Building with pine

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Forum topic by WoodNuts posted 06-03-2010 06:44 PM 8361 views 1 time favorited 17 replies Add to Favorites Watch
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74 posts in 3120 days

06-03-2010 06:44 PM

Topic tags/keywords: pine projects wood choice

I am finding lots of info related to building with pine, but little on what size stock to use. Home De-po(t) has that crappy wet 3/4”, and after digging through the pile I might fine a few usable boards, but by the time I get them home, they are warped, cupped, and twisted…

What do you all use? Seems to me the Doug Fir 2×6 is more dense and workable.


-- ...there's a fix fer dat...

17 replies so far

View skeeter's profile


233 posts in 3513 days

#1 posted 06-03-2010 06:54 PM

the douglas fir is probally kiln dried so yes it will be more stable. find the qs pieces they are pretty and the grain lines look like an acoustic guitar top

-- My philosophy: Somewhere between Norm and Roy

View a1Jim's profile


117270 posts in 3749 days

#2 posted 06-03-2010 07:11 PM

I suggest Poplar.

-- wood crafting & woodworking classes

View Abbott's profile


2570 posts in 3475 days

#3 posted 06-03-2010 07:12 PM

Good post. I am interested in seeing where this goes.

A late Welcome to our Forums to you Woodnuts!

-- Ohh mann...pancakes and boobies...I'll bet that's what Heaven is like! ♣ ♣ ♣ ♣

View Sawkerf's profile


1730 posts in 3240 days

#4 posted 06-03-2010 08:05 PM

Pine can be really pretty, but most of it is pretty soft (like redwood), and it can be a “challenge” (i.e. PITA) to stain and finish.

Like with most wood, you probably aren’t going to get very good material from a big box and need to find a real lumber yard or hardwood supplier to get the “good stuff”.

Doug fir is harder than pine, but is mostly used for rough applications such as framing or structural applications where appearance doesn’t matter. Vertical grain fir, however, can be drop-dead gorgeous, but it’s also expensive.

I’ve done a few projects in Poplar which can be really pretty if you’re careful to select your wood to avoid some of the wilder colors it can have. Like all soft woods, poplar wants to blotch, but I’ve had good results with just a clear finish.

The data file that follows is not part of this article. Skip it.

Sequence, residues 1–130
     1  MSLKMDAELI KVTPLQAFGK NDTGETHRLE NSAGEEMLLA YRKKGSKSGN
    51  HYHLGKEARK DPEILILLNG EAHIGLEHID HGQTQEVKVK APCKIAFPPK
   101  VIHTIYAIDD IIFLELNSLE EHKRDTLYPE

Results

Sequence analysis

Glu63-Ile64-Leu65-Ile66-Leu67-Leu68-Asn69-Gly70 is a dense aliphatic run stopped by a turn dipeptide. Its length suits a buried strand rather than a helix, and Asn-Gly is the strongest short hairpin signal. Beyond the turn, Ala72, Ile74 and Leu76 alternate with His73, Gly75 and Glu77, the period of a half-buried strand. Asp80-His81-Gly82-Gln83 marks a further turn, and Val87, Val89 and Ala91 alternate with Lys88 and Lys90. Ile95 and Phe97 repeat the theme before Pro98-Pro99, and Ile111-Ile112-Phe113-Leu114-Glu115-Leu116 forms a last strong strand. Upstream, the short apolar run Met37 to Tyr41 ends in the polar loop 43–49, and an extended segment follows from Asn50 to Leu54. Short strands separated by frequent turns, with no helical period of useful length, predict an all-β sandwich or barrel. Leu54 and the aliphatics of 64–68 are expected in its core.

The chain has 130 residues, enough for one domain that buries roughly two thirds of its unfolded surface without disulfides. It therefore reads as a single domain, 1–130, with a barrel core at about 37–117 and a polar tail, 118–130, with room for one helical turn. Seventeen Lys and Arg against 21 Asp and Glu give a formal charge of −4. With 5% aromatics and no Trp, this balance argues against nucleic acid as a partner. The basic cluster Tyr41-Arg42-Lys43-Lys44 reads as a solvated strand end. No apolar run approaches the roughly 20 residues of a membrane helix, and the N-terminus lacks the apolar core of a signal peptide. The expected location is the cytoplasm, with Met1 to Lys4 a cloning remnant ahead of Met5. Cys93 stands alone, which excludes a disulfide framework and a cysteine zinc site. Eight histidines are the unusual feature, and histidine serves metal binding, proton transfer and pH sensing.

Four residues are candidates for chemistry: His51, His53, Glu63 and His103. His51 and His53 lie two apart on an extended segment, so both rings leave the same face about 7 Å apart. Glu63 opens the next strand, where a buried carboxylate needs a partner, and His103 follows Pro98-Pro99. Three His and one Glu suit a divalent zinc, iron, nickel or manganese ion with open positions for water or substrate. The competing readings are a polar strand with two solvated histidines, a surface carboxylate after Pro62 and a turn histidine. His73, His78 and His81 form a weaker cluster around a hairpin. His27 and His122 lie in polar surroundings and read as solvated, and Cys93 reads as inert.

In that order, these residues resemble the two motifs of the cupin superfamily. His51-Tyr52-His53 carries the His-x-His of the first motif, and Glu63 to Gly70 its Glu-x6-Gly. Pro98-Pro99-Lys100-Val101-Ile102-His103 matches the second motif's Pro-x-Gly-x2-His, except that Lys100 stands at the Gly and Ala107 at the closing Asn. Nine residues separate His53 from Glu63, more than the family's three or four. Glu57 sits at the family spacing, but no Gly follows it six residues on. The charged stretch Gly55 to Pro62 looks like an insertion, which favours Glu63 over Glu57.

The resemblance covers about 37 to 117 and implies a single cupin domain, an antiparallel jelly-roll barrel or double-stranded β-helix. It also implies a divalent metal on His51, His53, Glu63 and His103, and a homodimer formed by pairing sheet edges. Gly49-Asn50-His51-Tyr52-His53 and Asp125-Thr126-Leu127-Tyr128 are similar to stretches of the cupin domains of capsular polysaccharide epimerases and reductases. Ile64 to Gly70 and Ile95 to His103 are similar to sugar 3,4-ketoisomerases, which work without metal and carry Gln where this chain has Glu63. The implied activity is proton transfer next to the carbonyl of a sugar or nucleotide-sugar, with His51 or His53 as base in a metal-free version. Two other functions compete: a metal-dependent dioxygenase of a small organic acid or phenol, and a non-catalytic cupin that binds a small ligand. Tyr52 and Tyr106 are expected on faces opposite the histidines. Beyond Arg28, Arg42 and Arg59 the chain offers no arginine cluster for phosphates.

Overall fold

-- Adversity doesn't build reveals it.

View David Kirtley's profile

David Kirtley

1286 posts in 3170 days

#5 posted 06-03-2010 08:16 PM

I actually like the idea of using the low end lumber. Not everything has to be made of finest quality exotics and perfect grained hardwood. Cheap pine has a long history in even high end furniture as a secondary wood for portions that are not exposed. For the most part, get used to some warping. All wood moves. Bring it home and let it acclimate to it’s new environment and see where to go from there. Don’t go by what it looks like within the first few hours home. Let is sit a week or two. Longer is better. The smaller the piece, the less it will move when it is reduced to usable dimensions.

As far as the dimensions, if it is load bearing, you will need to compensate for the less dense softwood by increasing dimensions. Not as much as you might think. It really is pretty strong stuff.

Tools must be very sharp. You also will need to make sure and radius edges more than you would with a hardwood to keep them from being as fragile. Finishing is different too as the wood is more prone to denting. More care taken to prevent tear out.

-- Woodworking shouldn't cost a fortune:

View Cato's profile


701 posts in 3484 days

#6 posted 06-03-2010 08:45 PM

I am currently using some SYP for a mantel that is to be painted an off white, so I got the furniture grade 4/4 lumber at the lumber yard. Seems to be a totally different class of wood than the pine you find in the big box store.

Yes there some movement to the wood, but it is a nice grade of wood to work with, and so far I am not dealing with any more movement than I would with some white oak that I got at the same time. Think I paid $2.30/bf for the SYP and it was more like 5/4 thickness, and they cut it for me from 16ft length to 8ft. so I could get it home.

A lot of traditional Southern furniture was made with pine like this, and I bought way more than I needed for the mantel to try it out on some other things.

View CharlieM1958's profile


16278 posts in 4390 days

#7 posted 06-03-2010 08:52 PM

I guess it depends on your location. Down here in the New Orleans area the HD sells the crappy #2 pine, but they also have #1 pine. It’s a good bit more expensive, but it’s really nice stuff.

-- Charlie M. "Woodworking - patience = firewood"

View dfdye's profile


372 posts in 3209 days

#8 posted 06-03-2010 09:03 PM

Even if you get kiln dried construction lumber, the moisture content is typically much higher than the 8% recommended for woodworking use. Construction applications can tolerate much more moisture in lumber, so the drying is correlated to the intended usage of the wood.

I have used construction lumber in a number of projects, and it moves and twists INSANELY badly. If you really want “stable” pine, I am not sure if there is such a thing to be had now, other than reclaimed old growth pine. The new stuff is primarily from fast growing trees, and as such, is much more prone to warping due to the large, open growth rings.

The best way that I have found to deal with this movement is to let it dry as long as I can in my shop before using it (I have a small stash of construction lumber on my rack that I pick up when I see a good deal), but I typically still get warping and movement when I rip pieces to size. Knowing this, I cut pieces oversized and make secondary trims to final sizes. Also, I try and assemble pieces as quickly as possible after cutting as possible. I have noticed significant movement as quickly as 8 hours after cutting, so I try not to let cut pieces sit if I can avoid it.

One thing that hasn’t been mentioned is filling voids that are common in construction lumber. I use 5 min epoxy before sanding (and sometimes before assembly) and then make sure that I am down to bare wood around the filled area so that the epoxy won’t affect finish of the bare wood.